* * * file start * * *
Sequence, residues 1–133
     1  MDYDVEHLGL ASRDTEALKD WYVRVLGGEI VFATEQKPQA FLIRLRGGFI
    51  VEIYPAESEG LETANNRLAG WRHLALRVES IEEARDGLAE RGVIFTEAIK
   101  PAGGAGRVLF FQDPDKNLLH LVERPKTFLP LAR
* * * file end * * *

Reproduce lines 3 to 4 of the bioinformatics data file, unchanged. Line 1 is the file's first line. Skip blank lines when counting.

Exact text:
    51  VEIYPAESEG LETANNRLAG WRHLALRVES IEEARDGLAE RGVIFTEAIK
   101  PAGGAGRVLF FQDPDKNLLH LVERPKTFLP LAR